Unfair dismissal claim could proceed where voluntary redundancy requested

Tuesday 26th April 2022

In White v HC-One Oval Ltd the EAT held that the ET was wrong to strike out a claim for unfair dismissal where voluntary redundancy had been requested.

Ms. White was employed by HOO Ltd as a part-time receptionist at a care home.   HOO Ltd announced an intention to reduce the number of employees carrying out receptionist and administrative work. Ms. White was provisionally selected for redundancy, but then her request for voluntary redundancy was accepted and her employment terminated on 8 October 2018.

Subsequently, Ms. White brought a claim for unfair dismissal arguing that her selection for redundancy should be considered in the context of the outstanding grievance she raised in July 2018, which related to her having carried out both the role of administrator and receptionist without any additional pay. Ms. White alleged that the redundancy situation was manufactured, as a new full-time receptionist had been recruited shortly before the redundancy process began. It was the newly recruited individual who was offered a full-time administrator/receptionist role at a higher rate of pay, replacing two existing part-time receptionists, including Ms. White. Ms. White had only been offered a receptionist role with additional duties, but no extra pay. She requested voluntary redundancy as she thought the process was a sham.

HOO Ltd applied for her claim to be struck out on the basis that it had no reasonable prospect of success, arguing that Ms. White had declined the offer of the administrator/receptionist role on a job-share basis and requested voluntary redundancy and therefore was fairly dismissed.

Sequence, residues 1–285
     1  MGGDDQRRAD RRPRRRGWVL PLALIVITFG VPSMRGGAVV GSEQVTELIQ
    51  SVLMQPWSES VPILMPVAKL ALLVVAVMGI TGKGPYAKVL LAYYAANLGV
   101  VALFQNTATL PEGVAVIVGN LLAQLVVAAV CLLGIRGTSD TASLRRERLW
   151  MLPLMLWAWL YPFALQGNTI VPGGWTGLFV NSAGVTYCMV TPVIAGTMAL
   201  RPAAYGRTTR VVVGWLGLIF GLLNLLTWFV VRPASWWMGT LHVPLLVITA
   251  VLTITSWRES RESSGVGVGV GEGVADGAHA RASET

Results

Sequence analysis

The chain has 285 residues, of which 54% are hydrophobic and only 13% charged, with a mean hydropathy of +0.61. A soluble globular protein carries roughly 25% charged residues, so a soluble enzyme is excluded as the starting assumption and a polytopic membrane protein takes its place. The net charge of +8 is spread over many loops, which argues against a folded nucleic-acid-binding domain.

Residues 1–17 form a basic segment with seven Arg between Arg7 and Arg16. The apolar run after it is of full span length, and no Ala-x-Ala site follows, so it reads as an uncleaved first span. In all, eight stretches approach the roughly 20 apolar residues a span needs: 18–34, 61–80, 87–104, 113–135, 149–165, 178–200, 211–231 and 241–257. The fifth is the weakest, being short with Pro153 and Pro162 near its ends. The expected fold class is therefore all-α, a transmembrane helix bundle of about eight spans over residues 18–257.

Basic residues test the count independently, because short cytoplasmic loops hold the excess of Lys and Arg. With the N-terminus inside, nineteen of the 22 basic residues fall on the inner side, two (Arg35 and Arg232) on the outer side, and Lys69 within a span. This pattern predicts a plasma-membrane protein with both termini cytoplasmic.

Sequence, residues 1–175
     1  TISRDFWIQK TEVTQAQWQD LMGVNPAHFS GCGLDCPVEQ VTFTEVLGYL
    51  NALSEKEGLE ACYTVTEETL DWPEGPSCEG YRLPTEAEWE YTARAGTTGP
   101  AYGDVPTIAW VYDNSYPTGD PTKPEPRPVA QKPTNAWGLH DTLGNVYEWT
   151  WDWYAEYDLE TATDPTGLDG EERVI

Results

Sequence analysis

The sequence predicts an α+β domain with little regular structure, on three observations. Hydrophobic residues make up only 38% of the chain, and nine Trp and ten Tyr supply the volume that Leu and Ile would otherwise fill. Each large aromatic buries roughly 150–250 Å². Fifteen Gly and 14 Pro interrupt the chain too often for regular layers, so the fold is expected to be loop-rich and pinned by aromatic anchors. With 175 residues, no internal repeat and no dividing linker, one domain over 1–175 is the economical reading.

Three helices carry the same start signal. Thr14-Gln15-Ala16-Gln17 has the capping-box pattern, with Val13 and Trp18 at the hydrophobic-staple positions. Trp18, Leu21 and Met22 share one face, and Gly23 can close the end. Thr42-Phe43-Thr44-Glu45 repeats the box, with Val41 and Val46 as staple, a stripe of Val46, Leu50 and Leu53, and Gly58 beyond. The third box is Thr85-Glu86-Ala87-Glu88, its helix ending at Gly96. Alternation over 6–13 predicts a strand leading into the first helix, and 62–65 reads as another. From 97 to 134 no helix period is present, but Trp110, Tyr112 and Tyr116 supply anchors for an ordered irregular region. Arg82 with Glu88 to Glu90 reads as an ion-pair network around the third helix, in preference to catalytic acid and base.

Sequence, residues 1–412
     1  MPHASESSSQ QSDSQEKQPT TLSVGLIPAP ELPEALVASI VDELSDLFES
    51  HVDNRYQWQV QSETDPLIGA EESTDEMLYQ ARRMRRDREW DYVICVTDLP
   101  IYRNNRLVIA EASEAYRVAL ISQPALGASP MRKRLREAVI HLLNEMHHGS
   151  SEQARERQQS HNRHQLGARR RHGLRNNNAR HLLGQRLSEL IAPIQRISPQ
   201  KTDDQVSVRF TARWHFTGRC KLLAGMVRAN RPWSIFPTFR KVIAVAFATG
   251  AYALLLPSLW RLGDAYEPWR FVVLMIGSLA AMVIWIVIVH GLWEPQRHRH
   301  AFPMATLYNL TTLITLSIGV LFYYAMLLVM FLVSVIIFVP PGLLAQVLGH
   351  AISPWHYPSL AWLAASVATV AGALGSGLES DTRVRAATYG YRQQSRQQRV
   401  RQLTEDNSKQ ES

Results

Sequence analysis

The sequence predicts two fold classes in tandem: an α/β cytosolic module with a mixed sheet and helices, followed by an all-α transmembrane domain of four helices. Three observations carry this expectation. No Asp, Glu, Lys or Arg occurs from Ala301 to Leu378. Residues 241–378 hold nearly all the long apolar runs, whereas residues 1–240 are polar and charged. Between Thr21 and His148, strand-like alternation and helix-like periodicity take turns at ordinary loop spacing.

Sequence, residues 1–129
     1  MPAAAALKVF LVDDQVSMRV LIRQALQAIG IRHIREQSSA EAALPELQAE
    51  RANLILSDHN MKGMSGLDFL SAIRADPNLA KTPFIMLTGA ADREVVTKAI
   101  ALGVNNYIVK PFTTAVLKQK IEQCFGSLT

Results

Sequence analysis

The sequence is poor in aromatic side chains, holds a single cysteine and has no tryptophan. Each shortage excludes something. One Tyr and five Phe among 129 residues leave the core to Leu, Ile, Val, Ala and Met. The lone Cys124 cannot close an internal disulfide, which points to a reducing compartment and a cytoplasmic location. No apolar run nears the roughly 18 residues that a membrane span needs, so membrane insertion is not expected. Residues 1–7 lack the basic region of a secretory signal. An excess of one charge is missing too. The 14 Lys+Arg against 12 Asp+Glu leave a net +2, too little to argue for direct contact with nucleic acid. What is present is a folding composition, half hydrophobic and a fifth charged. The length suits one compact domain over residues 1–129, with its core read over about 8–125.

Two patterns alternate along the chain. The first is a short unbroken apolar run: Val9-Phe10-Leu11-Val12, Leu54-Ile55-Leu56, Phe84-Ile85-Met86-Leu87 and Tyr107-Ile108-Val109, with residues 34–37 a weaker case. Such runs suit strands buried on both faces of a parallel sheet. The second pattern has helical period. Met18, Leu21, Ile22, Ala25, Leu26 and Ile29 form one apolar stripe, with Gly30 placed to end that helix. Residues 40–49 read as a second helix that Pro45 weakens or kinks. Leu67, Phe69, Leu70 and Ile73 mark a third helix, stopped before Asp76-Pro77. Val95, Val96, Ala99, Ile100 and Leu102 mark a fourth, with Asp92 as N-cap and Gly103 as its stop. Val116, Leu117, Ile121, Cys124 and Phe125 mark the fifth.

The ET struck out Ms. White’s claim, finding that she could have resigned and claimed constructive dismissal, but instead she volunteered to be dismissed. The ET considered that any claim based on Ms. White’s actual dismissal would not need to address any of the issues she wished to raise, such as an alleged breach of trust and confidence prior to her request for redundancy.

The EAT overturned the decision, holding that the ET had not heard evidence or made findings from which it could determine the factual dispute. Claims should not be struck out where the central facts are in dispute. The ET had failed to consider Ms. White’s allegation that the redundancy situation had been manufactured. If this was the case, then it would be difficult to see how it could be said that there was no reasonable prospect of success. Furthermore, even if the reason for dismissal was redundancy, the ET would still need to consider Ms. White’s broader case when evaluating the fairness of the process. The case was remitted for a full hearing before a different EJ.

All information in this update is intended for general guidance only and is not intended to be comprehensive, or to provide legal advice.